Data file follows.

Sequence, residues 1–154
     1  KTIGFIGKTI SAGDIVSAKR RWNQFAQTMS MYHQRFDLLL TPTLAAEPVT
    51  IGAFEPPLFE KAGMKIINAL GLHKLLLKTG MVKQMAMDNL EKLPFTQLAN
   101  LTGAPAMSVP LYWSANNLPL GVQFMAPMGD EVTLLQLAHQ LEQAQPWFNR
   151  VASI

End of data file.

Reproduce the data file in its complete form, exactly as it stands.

Sequence, residues 1–154
     1  KTIGFIGKTI SAGDIVSAKR RWNQFAQTMS MYHQRFDLLL TPTLAAEPVT
    51  IGAFEPPLFE KAGMKIINAL GLHKLLLKTG MVKQMAMDNL EKLPFTQLAN
   101  LTGAPAMSVP LYWSANNLPL GVQFMAPMGD EVTLLQLAHQ LEQAQPWFNR
   151  VASI